Helichrysum herniarioides

DC.

Family : Asteraceae

Flowerheads

Once you have seen Helichrysum herniaroides in the veld you will always remember how plentiful it is-almost like a groundcover in sandy areas, particularly in places such as the Augrabies National Park and in Boesmanland in the Northern Cape. This common annual herb forms a dense cover that can be seen from a distance. On closer inspection one notices the beautiful round clusters of heads with white or pinkish bracts.

Description
Helichrysum herniaroides is a prostrate annual herb with a woody taproot and many branches radiating cartwheel-like from the base, their lengths are very variable, depending on the amount of moisture received, but generally 30-200 mm long. Branches are simple, or sparsely to well branched, slender, cobwebby, distantly or closely leafy. Leaves are linear, oblong or obovate, base narrowed, tips rounded to pointed, loosely white, woolly. Leaves beneath the flower heads are very woolly. Flower heads are small but grouped together in tight round clusters. Bracts are white or sometimes pinkish and radiating in the upper half. Achenes 0.75mm long, obscurely ribbed, glabrous or with myxogenic duplex hairs (becomes slimy when moistened). Pappus bristles are numerous. Flowering time: from March to December, with its peak flowering time from July to September.

Cartwheel-like growth

Conservation status
Not threatened due to its large distribution area and copious seed production.

Distribution and habitat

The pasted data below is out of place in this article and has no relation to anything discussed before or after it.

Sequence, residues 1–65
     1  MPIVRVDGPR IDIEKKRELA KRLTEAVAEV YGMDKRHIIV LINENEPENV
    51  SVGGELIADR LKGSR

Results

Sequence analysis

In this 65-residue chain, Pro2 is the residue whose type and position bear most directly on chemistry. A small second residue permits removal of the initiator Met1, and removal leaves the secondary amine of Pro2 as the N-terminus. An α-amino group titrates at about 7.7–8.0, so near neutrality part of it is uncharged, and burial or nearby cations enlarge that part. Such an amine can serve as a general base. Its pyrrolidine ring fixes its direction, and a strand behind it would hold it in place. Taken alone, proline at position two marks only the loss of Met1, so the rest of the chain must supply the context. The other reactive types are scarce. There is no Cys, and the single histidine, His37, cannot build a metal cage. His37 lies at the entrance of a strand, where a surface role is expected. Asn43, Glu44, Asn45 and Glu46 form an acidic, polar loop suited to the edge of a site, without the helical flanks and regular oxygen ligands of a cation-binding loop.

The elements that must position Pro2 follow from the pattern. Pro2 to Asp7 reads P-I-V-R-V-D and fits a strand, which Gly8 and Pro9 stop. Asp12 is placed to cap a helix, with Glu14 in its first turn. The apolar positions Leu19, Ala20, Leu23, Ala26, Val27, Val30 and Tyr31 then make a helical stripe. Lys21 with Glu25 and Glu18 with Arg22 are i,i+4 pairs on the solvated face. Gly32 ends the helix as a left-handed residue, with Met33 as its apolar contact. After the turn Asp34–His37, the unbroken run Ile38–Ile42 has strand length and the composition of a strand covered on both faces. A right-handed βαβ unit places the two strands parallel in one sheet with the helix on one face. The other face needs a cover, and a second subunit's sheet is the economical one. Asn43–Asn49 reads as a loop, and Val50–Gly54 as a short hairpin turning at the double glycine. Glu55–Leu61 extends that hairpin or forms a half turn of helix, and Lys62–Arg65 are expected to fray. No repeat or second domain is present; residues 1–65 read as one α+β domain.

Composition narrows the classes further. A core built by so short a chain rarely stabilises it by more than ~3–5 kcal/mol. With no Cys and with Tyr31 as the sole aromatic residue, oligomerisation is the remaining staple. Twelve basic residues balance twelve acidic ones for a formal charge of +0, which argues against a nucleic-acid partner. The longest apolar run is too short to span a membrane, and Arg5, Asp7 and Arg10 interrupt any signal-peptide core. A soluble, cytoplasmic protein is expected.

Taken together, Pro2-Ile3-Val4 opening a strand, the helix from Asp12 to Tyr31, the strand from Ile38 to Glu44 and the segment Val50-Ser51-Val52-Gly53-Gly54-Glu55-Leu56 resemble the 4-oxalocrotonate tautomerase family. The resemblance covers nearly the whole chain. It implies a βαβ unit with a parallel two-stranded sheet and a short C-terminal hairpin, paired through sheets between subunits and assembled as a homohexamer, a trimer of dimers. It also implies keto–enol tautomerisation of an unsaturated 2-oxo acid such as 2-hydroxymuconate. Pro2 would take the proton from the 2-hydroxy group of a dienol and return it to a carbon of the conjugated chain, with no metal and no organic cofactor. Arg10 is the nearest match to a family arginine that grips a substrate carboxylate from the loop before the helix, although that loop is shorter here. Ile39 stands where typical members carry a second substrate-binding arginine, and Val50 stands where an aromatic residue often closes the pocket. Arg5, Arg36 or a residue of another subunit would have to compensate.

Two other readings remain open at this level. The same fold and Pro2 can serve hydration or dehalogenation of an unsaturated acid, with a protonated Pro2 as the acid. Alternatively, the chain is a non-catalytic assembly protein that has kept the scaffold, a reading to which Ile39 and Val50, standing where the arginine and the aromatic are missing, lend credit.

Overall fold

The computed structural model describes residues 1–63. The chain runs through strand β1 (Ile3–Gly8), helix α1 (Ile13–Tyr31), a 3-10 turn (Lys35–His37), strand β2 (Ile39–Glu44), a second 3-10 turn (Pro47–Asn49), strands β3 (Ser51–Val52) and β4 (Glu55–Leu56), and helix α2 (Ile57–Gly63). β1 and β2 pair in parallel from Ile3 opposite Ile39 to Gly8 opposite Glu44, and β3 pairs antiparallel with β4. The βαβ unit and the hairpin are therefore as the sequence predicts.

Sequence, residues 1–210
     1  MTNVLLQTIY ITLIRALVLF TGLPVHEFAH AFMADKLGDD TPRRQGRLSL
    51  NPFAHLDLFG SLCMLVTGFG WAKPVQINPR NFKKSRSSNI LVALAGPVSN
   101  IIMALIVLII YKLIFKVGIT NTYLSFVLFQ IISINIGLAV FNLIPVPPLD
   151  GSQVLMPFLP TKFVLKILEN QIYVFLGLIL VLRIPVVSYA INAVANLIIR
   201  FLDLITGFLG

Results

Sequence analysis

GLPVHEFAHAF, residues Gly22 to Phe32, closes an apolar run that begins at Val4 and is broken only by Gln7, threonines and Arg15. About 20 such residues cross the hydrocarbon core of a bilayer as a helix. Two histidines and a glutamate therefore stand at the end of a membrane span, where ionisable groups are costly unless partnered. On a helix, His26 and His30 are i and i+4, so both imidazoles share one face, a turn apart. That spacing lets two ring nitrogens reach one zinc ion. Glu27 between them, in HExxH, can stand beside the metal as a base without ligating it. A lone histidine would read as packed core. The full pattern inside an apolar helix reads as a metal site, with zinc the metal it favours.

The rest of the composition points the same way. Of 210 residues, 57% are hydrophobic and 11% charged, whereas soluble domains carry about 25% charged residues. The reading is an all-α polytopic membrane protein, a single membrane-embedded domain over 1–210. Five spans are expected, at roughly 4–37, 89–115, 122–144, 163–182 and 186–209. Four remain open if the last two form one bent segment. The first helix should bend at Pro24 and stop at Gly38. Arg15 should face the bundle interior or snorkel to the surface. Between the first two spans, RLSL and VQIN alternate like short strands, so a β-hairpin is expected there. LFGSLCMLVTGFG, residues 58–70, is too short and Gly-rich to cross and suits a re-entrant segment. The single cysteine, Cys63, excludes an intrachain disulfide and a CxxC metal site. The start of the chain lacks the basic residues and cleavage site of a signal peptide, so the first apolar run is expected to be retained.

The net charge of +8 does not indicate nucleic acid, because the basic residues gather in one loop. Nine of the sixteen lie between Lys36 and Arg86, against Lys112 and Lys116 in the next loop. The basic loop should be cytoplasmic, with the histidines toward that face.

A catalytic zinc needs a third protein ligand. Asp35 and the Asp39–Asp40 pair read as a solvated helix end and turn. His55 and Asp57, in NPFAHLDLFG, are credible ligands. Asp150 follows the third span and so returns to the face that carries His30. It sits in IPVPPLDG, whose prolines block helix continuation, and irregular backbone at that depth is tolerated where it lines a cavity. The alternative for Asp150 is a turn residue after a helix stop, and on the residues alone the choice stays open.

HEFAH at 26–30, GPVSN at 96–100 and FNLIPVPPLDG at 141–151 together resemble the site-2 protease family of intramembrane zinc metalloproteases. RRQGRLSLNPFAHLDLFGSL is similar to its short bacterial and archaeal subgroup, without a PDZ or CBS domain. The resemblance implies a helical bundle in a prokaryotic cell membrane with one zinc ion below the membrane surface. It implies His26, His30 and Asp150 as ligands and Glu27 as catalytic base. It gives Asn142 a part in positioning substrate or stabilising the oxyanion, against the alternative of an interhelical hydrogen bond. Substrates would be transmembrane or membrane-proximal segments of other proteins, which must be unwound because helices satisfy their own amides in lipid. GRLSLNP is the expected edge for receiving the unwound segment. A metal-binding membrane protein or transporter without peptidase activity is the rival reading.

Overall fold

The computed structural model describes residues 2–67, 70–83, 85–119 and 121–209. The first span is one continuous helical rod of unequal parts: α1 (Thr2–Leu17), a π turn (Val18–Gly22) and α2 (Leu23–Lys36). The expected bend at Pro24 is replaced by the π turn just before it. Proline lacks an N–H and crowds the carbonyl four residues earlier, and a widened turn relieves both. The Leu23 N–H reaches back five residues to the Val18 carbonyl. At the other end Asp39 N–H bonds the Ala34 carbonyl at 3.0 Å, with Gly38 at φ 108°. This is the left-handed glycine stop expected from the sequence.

Helichrysum herniarioides is widely distributed in the low rainfall, western part of southern Africa, from Ceres northwards and northeast to Prieska and Upington, in Namaqualand in the Succulent Karoo, Nama Karoo and the Savanna Biomes, and in the western part of Namibia as far as north as the Omaruru River.

Formas a groundcover in some places.


Derivation of name and historical aspects
The genus name Helichrysum comes from the Greek words helios, meaning sun and chrysos, meaning gold, as many species of this genus have golden flower bracts.

The species was first described by Augustin Pyramus de Candolle (1778-1841) as Gnaphalium herniarioides DC. The name refers to the resemblance of the species with the genus Herniaria in the family Caryophyllaceae.

Ecology
It is a much favoured species by grazers in the dry areas. It produces copious seeds that are wind-dispersed.

Uses and cultural aspects
No traditional or economic uses are known, but it could be worth experimenting with seeds for cultivation as bedding plants in gardens. It produces quite compact little shrublets covered in white flower heads in the right moisture regime.

Growing Helichrysum herniarioides

Nothing is known about the cultivation but germination of seeds should be fairly easy and would be best if sown in June or July.

References and further reading

  • Hilliard, O.M. 1983. Asteraceae. Inuleae, Gnaphaliinae (first part). Flora of southern Africa 33, part 7, fascicle 2. Botanical Research Institute, Pretoria.
  • Jackson, W.P.U. 1990. Origins and meanings of names of South African plant genera. Ecolab, Botany Department, University of Cape Town.
  • Leistner, O.A. (ed.). 2000. Seeds plants of southern Africa : families and genera. Strelitzia 10. National Botanical Institute, Pretoria.

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M Koekemoer & JJJ Mnengwane
National Herbarium, Pretoria
March 2007

 

 

 

 

 

 

 

To find out if SANBI has seed of this or other SA species, please email our seedroom.

This page forms part of the South African National Biodiversity Institute's plant information website www.plantzafrica.com


 

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